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FRANCIS BACON, whose name stands next after Shakespeare's in the brilliant period of Elizabeth and the first James, was the younger of two sons born in second marriage to Sir Nicholas Bacon, a famous lawyer and statesman, who was keeper of the Great Seal from the accession of Queen Elizabeth till his own death in 1579. The date of his birth was the 22d January, 1561, and he was therefore some three years Shakespeare's senior. Educated during his boyhood under the immediate direction of his mother, a member of a family prominent in the Protestant cause, and herself a
woman of stern and uncompromising piety, young Bacon early saw something of life in the world's high places, and even by his wit and sagacity attracted the special attention of the Queen, who was wont jestingly to salute him as her “young Lord Keeper.” At the age of twelve, he entered Trinity College, Cambridge, where he remained till 1575. It was during this period, we are told by his first biographer, that boy as he still was, he already became dissatisfied with the current Aristotelian philosophy, as “ strong for disputations and contentions,” but “ barren of the productions of works for the benefit of the life of man.” Sir Nicholas destined the
wonderful youth for statesmanship, and, as a fitting
Meanwhile, absorbing as his legal pursuits must
For a time, notwithstanding the miscarriage of various ambitions, things prospered with him; though unfortunately his worldly success was from the outset bound up with the persistent practice of the arts of the place-seeker and the time-server. He began by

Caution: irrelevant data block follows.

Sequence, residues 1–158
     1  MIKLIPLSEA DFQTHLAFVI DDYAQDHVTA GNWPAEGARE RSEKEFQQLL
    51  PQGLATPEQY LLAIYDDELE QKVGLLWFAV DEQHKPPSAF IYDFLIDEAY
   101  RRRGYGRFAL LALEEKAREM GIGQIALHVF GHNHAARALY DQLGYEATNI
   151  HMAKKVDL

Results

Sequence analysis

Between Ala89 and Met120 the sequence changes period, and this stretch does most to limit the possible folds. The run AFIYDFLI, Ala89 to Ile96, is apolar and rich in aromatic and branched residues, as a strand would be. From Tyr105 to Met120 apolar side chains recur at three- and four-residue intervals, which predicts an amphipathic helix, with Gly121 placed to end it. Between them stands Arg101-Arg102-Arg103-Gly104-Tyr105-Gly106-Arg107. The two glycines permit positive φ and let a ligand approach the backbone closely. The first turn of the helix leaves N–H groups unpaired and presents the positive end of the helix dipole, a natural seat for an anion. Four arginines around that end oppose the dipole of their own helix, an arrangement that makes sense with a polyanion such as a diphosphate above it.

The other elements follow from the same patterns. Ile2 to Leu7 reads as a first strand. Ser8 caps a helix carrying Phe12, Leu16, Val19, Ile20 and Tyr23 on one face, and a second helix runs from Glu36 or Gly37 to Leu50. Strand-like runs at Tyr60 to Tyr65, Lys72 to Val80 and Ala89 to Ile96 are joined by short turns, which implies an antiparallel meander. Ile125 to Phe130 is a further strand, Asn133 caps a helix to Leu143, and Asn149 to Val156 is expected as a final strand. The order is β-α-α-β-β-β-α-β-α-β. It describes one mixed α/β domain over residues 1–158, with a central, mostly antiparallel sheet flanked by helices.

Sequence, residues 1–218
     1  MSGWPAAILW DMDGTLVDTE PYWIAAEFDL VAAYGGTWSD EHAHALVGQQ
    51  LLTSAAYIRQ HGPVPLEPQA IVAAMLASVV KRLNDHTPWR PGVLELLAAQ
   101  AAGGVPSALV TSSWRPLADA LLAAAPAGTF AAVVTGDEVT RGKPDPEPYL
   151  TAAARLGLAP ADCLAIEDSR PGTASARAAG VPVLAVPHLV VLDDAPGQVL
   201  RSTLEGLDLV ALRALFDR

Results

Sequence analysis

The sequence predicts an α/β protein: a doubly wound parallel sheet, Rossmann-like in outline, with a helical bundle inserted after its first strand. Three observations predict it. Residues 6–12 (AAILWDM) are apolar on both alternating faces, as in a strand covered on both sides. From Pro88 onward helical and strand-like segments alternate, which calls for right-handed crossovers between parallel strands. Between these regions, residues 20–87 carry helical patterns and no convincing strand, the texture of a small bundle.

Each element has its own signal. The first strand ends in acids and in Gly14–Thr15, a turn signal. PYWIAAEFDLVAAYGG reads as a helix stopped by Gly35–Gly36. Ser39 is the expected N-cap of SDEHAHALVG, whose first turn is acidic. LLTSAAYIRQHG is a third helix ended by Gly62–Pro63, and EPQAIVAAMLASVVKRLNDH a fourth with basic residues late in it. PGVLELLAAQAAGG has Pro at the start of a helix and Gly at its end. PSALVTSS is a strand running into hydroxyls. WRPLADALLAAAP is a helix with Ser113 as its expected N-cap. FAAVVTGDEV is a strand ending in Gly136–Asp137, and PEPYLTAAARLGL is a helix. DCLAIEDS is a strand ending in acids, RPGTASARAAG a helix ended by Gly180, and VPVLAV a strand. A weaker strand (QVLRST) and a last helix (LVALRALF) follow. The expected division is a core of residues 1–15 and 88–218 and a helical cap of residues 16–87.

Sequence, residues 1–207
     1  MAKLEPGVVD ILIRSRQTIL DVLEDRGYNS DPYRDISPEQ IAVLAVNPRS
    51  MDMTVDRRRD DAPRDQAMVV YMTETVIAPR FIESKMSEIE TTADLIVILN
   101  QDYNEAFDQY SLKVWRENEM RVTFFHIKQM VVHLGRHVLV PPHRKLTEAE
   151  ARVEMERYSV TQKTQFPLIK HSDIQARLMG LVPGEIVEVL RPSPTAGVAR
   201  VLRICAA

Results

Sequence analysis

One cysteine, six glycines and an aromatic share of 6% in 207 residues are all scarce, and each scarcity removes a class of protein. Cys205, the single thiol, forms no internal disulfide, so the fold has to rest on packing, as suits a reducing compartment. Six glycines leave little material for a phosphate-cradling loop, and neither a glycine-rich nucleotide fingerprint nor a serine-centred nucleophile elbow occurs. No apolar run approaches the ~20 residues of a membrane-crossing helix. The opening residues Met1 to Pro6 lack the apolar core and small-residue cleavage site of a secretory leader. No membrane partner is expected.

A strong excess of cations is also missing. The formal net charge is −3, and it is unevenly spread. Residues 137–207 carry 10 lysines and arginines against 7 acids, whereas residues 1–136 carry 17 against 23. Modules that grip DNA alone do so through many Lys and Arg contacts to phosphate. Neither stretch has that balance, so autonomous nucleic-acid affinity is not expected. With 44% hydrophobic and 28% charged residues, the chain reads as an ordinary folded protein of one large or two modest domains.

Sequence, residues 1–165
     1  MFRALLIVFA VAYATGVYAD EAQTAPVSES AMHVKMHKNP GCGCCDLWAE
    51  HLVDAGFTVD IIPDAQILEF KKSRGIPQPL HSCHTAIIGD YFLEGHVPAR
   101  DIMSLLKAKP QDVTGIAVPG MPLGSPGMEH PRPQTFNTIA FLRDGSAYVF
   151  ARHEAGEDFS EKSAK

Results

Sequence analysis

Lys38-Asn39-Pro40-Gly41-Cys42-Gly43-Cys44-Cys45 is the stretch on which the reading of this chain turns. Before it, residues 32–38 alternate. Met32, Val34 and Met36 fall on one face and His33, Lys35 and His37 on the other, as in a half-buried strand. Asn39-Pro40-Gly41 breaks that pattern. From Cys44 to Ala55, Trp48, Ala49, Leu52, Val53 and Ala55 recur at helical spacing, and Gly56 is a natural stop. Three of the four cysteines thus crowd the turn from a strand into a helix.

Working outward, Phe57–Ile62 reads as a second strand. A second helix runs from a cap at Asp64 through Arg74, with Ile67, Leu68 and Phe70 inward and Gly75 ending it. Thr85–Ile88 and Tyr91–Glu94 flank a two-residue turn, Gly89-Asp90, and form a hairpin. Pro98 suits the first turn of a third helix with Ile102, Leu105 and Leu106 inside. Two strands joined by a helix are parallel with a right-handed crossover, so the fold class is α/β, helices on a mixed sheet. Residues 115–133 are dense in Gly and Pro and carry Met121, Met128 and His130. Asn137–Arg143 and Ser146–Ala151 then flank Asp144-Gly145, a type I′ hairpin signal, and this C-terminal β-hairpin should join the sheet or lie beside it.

seeking political promotion through the influence of his maternal uncle, the powerful Lord Burghley; and
when convinced that nothing was to be gained in this i direction, he went over to the party of Burghley's
rival, the Earl of Essex. That nobleman did what he could for his protégé, and failing to obtain any one of several desirable offices for him, gave him a grant of land at Twickenham, which he afterwards sold for £1800 — or, roughly speaking, $60,000, at the present value of money. Then presently came the earl's fall from power, and subsequent open rebellion against the Queen. Over what followed, were it possible to do so, the biographer of Bacon would willingly draw the veil. He took an active part in the proceedings against his former friend and benefactor; did his utmost to get him condemned; and after his execution, undertook the official drafting of the charges against him. After Elizabeth's death, Bacon found it desirable to publish an explanation of his conduct, in which he contended that duty to the State must have preference over the demands of private friendship; but the best that can be said of this document, it is to be feared, is that it shows that Bacon's conscience was ill at ease. Apologists have not been wanting; and it may be conceded to them that a full survey of the facts tends to mitigate the first severity of our judgment. Yet the incident has left a stain on Bacon's memory which no amount of special pleading will succeed in wiping away.
Two years after the execution of Essex, Elizabeth died, and under James I. Bacon's prosperity increased.
He sought and won the new king's favor by profuse
tenc Baca Yet. and clai
ber of wit has the